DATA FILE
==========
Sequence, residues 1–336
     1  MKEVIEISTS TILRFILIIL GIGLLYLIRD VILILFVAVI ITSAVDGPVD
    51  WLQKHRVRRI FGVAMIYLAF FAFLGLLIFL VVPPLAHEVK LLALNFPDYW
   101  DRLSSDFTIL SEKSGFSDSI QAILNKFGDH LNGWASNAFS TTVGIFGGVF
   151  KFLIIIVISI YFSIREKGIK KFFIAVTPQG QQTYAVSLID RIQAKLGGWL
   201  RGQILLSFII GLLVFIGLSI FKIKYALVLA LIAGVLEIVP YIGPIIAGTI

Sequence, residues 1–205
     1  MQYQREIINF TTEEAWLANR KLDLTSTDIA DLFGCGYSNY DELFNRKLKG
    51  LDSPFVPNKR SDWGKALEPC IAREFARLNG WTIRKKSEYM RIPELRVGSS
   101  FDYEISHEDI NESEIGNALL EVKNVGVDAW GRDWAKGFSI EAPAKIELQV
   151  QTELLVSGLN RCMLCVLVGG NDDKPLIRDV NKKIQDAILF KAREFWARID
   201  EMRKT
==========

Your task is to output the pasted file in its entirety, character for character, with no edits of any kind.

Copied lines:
Sequence, residues 1–336
     1  MKEVIEISTS TILRFILIIL GIGLLYLIRD VILILFVAVI ITSAVDGPVD
    51  WLQKHRVRRI FGVAMIYLAF FAFLGLLIFL VVPPLAHEVK LLALNFPDYW
   101  DRLSSDFTIL SEKSGFSDSI QAILNKFGDH LNGWASNAFS TTVGIFGGVF
   151  KFLIIIVISI YFSIREKGIK KFFIAVTPQG QQTYAVSLID RIQAKLGGWL
   201  RGQILLSFII GLLVFIGLSI FKIKYALVLA LIAGVLEIVP YIGPIIAGTI

Sequence, residues 1–205
     1  MQYQREIINF TTEEAWLANR KLDLTSTDIA DLFGCGYSNY DELFNRKLKG
    51  LDSPFVPNKR SDWGKALEPC IAREFARLNG WTIRKKSEYM RIPELRVGSS
   101  FDYEISHEDI NESEIGNALL EVKNVGVDAW GRDWAKGFSI EAPAKIELQV
   151  QTELLVSGLN RCMLCVLVGG NDDKPLIRDV NKKIQDAILF KAREFWARID
   201  EMRKT